Joyce, James. Dubliners: Authoritative Text, Contexts, Criticism. Ed. Margot Norris and Hans Walter Gabler. A Norton Critical Edition. New York: Norton, 2006. Print.

Grading:              Class participation/quizzes:                                                               15%

                                         Honors Project                                                                            30%

Midterm Exam:                                                                        25%

Final Exam:                                                                               30%

Standards: A=90-100, B=80-89, C=70-79, D=60-69 (B+=88; B=85; B-=82, C+=78, etc.)


Your failure to do any assignment listed above (except a limited number of pop quizzes) will result in your failing the course. If you believe you have a good reason for being excused from a pop quiz or other in-class work, discuss it with me promptly; I will decide on a case-by-case basis whether or not to keep the zero, excuse the quiz, or give a make-up with or without grade penalty.

Your Honors Project will be divided up into separate assignments which will gain individual grades. For the project, you will research another author of this period and, near the end of the semester, present information on this author to the class. Each of you will work on a different author; thus, the class’s knowledge of the literary period will be expanded, and you will become expert on one literary figure in particular. We will be doing a variation of “Meeting of Minds,” a program designed originally by Steve Allen and applied to Honors Composition classes here at Gordon by Dr. David Janssen and his Honors students. Since we are in a literature class, there will be some variation in the plan.  I will provide hand-outs on the individual assignments (such as a progress report essay with bibliography) as the class proceeds.

                Your exams (midterm and final) will include some “objective” questions (e.g. identifying quotations); they will also include some discussion questions. Each will cover approximately half the course work.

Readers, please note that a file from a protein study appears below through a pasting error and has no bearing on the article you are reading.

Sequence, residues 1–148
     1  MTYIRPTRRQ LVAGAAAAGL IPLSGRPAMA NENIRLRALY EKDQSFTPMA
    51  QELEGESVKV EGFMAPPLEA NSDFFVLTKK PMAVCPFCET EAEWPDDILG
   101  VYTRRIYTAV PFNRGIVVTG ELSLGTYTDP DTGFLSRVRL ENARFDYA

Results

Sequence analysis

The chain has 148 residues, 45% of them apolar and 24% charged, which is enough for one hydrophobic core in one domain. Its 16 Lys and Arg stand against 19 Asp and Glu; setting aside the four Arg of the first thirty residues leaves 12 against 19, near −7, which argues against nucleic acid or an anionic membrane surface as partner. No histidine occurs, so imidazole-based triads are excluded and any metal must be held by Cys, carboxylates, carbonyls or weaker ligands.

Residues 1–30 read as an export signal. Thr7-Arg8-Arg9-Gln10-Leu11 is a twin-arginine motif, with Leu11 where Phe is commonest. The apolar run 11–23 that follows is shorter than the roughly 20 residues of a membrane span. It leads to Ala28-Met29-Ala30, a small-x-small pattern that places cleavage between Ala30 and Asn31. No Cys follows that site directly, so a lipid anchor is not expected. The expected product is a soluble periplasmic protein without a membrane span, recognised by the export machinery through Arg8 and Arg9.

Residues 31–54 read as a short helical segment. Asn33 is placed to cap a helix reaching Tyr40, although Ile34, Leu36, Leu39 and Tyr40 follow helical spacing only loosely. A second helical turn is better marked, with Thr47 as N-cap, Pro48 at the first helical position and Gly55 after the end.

Attendance policy: Without class discussions and lectures, you might as well read this literature on your own. You will find that experiencing a group’s reaction to a piece of writing is something that cannot be recreated through merely reading class notes. This is not just a lecture class. Furthermore, you can contribute to the class: thoughtful questions can be just as valuable as insightful comments (though they should be the questions of a person who has read the material). Missing classes will reduce your ability to contribute and will therefore lower your class participation grade. (Significant tardiness or cell phone interruption will do the same.) Furthermore, specific in-class activities will be used to help establish your participation grade, and in most cases these activities must be carried out during a particular class period. People that miss more than three weeks of classes normally cannot keep up and fail the course as a result. In any case, my experience has been that people in Honors classes truly enjoy talking with each other. If you must miss a class, let me know beforehand if you can (or leave a phone or email message even during class if need be); ask me or a classmate about assignments so you can prepare in case there is a pop quiz when you return to class. My home phone number is (404) 373-5328. My cell phone, alas, does not normally work in Barnesville.